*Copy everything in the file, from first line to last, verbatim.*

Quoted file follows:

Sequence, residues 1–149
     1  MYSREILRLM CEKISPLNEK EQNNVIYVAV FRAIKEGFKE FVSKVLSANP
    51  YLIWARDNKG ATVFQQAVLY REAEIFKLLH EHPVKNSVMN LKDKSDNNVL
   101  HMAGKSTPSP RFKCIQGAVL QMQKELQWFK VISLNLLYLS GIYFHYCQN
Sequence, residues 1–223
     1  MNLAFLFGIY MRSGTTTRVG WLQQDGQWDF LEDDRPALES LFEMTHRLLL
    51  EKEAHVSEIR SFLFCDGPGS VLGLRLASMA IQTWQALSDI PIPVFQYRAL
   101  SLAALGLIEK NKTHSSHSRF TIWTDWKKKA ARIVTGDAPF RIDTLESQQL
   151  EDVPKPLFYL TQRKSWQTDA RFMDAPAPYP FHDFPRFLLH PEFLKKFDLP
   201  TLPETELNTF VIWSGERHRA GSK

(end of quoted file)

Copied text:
Sequence, residues 1–149
     1  MYSREILRLM CEKISPLNEK EQNNVIYVAV FRAIKEGFKE FVSKVLSANP
    51  YLIWARDNKG ATVFQQAVLY REAEIFKLLH EHPVKNSVMN LKDKSDNNVL
   101  HMAGKSTPSP RFKCIQGAVL QMQKELQWFK VISLNLLYLS GIYFHYCQN
Sequence, residues 1–223
     1  MNLAFLFGIY MRSGTTTRVG WLQQDGQWDF LEDDRPALES LFEMTHRLLL
    51  EKEAHVSEIR SFLFCDGPGS VLGLRLASMA IQTWQALSDI PIPVFQYRAL
   101  SLAALGLIEK NKTHSSHSRF TIWTDWKKKA ARIVTGDAPF RIDTLESQQL
   151  EDVPKPLFYL TQRKSWQTDA RFMDAPAPYP FHDFPRFLLH PEFLKKFDLP
   201  TLPETELNTF VIWSGERHRA GSK